It’s been a year since a broken oil pipeline sent an estimated 210,000 gallons of Canadian dilbit into an Arkansas neighborhood, but there’s still a long list of unknowns about the spill.
The most critical mystery yet to be resolved for the public: What caused ExxonMobil’s Pegasus pipeline to break apart March 29 while the line was running well below its maximum approved pressure?
Sometime before April 7, ExxonMobil will finally tell regulators and the public why its 1940s-era Pegasus oil pipeline split open in Mayflower, Ark. last March, spilling thick Canadian dilbit into a neighborhood and nearby cove.
Will Exxon just send out a statement announcing its conclusions about the cause or causes of the Pegasus spill? Or will it also make public the details and supporting evidence behind its determination? If Exxon doesn’t provide those details, will they be made available by the Pipeline and Hazardous Materials Safety Administration (PHMSA), which regulates most U.S. pipelines?
The oil caking a desert wash in the Grand Staircase-Escalante National Monument first cascaded down a steep gully, seeming to originate from under a spur road serving an outlying well in the old Upper Valley oil field.
Clambering up the gully Saturday, local outfitter Nate Waggoner tried to reconstruct how the liquid moved. He noted the telltale stains left as the oil poured over sandstone blocks and logs before hitting Little Valley Wash. The spill now smothers a 1.5-mile stretch of the wash’s sandy bed under a crumbly, squishy carpet of tar six inches deep.
U.S. transportation officials rebuked the oil industry Friday for not giving up information regulators say they need to gauge the danger of moving crude by rail, after several accidents highlighted the explosive properties of fuel from the booming oil shale fields on the Northern Plains.
Department of Transportation officials told The Associated Press they have received only limited data on the characteristics of oil from the Bakken region of North Dakota and Montana despite requests lodged by Secretary Anthony Foxx more than two months ago.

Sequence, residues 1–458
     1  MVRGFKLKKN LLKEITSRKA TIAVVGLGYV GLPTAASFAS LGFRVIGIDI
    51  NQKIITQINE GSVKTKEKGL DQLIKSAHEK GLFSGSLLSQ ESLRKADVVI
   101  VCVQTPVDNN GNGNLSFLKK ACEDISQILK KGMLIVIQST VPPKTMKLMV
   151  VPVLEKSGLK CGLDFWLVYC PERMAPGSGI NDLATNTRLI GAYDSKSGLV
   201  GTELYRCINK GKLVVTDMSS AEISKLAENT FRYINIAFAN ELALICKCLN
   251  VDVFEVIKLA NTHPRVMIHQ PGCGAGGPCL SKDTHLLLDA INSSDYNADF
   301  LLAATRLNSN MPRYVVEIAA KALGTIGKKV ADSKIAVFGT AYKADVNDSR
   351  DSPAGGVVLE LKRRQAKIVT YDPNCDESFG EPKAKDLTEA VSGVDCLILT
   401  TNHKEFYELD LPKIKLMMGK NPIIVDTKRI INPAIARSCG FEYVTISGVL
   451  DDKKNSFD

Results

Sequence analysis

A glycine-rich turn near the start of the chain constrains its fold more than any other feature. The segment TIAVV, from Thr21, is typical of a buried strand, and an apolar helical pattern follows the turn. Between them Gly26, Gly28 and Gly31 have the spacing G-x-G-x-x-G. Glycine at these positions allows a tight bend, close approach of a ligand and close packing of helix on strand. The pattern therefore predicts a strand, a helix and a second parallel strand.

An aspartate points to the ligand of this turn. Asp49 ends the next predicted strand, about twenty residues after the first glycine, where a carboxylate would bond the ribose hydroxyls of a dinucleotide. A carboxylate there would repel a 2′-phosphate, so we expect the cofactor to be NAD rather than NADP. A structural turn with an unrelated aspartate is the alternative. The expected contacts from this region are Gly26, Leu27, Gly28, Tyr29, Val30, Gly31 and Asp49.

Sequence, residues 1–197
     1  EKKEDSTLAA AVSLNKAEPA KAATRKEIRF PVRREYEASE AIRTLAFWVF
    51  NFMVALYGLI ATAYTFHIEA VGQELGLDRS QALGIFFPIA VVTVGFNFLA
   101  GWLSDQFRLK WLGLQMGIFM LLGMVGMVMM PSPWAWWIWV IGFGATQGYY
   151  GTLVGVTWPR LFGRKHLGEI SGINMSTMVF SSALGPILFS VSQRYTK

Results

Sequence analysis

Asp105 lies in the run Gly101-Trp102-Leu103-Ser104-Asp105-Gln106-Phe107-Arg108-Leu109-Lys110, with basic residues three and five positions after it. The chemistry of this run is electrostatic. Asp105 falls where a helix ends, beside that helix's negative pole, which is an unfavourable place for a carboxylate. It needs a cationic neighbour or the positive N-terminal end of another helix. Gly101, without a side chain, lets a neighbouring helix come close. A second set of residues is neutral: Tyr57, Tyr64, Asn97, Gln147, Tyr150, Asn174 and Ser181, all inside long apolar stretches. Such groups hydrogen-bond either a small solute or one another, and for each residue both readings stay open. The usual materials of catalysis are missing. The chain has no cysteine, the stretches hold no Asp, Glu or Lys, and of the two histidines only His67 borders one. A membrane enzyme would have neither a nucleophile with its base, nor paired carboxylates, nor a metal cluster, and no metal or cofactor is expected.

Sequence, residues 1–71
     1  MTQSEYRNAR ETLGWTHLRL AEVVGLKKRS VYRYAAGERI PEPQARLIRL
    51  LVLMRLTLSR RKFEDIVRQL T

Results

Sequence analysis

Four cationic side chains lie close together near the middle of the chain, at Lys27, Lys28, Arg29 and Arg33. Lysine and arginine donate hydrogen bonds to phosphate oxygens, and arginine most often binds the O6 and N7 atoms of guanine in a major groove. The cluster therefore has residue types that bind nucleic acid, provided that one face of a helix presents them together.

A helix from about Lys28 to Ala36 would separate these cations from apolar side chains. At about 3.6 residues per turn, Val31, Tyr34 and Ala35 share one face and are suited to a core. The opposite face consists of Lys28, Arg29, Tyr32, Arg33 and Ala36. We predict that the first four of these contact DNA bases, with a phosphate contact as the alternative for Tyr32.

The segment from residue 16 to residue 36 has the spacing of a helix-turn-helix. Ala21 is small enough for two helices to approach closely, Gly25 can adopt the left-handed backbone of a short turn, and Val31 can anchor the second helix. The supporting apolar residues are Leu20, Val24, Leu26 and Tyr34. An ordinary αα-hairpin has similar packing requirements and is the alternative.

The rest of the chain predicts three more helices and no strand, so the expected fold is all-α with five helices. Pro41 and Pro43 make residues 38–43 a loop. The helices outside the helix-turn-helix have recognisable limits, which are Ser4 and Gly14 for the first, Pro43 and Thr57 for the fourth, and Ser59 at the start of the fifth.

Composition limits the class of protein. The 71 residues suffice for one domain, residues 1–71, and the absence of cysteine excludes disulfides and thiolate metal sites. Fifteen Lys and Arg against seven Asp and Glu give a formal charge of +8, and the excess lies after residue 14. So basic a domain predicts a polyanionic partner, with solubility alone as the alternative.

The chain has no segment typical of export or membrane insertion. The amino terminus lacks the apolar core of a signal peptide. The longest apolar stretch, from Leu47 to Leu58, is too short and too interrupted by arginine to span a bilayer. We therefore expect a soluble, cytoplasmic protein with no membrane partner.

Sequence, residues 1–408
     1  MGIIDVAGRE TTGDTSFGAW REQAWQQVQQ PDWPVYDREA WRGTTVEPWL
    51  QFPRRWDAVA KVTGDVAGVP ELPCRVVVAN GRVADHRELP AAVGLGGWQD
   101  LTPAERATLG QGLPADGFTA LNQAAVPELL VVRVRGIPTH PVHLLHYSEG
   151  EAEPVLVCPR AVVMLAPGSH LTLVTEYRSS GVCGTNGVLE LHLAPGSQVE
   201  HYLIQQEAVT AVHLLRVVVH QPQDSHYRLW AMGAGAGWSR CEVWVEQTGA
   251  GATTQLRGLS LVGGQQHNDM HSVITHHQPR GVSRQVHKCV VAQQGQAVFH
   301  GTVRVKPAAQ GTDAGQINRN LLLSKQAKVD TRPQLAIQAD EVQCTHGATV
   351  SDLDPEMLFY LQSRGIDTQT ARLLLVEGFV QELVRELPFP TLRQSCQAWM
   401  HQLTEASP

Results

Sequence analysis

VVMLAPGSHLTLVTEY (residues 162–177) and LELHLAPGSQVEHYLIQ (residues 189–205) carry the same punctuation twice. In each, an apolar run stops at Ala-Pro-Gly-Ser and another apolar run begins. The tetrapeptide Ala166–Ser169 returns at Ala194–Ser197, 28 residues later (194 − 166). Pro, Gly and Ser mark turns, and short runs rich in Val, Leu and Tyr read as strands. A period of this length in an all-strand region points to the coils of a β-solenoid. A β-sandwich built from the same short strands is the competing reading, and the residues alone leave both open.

ExxonMobil officials are blaming a problem with 5 million gallons of fuel shipped from its Baton Rouge terminal in mid-March on a reaction caused by mixing different blends of gasoline together, a state official said Friday.
Commissioner of Agriculture and Forestry Mike Strain said he met with Exxon officials for about an hour Friday afternoon to discuss the investigation into what in the fuel is causing the intake and valve systems of vehicles to gum up.
A worker at Japan’s wrecked Fukushima nuclear plant died on Friday after being buried under gravel while digging a ditch, prompting the operator to suspend cleanup work for safety checks.
Tokyo Electric Power Co said it was the first time a laborer had died as a direct result of an accident inside the plant since the nuclear disaster in March 2011, the world’s worst since Chernobyl in 1986.
Japan’s new Basic Energy Plan sees nuclear power as an important base load energy source. But whatever “base load” means politically, the public is lulled — fooled — into a sense that, despite Fukushima, nuclear will remain a logistically viable long-term option.
Yet the realities of Japan’s nuclear power industry show keeping nuclear are likely to be far more problematic — and expensive — than the pro-nuclear lobby wants to admit. Here are the most obvious hurdles.
The government plans to build interim storage facilities for radioactive waste in two towns in Fukushima Prefecture, instead of three as initially proposed, according to Environment Minister Nobuteru Ishihara.
The new plan calls for construction of facilities in Okuma and Futaba, dropping Naraha from the initial list, Ishihara told Fukushima Gov. Yuhei Sato during their meeting in the city of Fukushima on Thursday.
Three years after the Fukushima disaster, the Japanese government has reversed its position of abandoning nuclear power and is developing new nuclear reactors – another example that neither nuclear-caused death nor nuclear-caused destruction can deter a corrupt power structure from the pursuit of its goals.